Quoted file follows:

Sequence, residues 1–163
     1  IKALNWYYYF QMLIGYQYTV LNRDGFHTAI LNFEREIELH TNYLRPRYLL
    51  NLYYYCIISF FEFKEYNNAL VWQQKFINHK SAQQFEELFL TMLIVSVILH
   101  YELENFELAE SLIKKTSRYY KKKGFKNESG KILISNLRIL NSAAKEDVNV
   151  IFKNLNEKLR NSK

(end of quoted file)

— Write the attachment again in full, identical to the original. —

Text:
Sequence, residues 1–163
     1  IKALNWYYYF QMLIGYQYTV LNRDGFHTAI LNFEREIELH TNYLRPRYLL
    51  NLYYYCIISF FEFKEYNNAL VWQQKFINHK SAQQFEELFL TMLIVSVILH
   101  YELENFELAE SLIKKTSRYY KKKGFKNESG KILISNLRIL NSAAKEDVNV
   151  IFKNLNEKLR NSK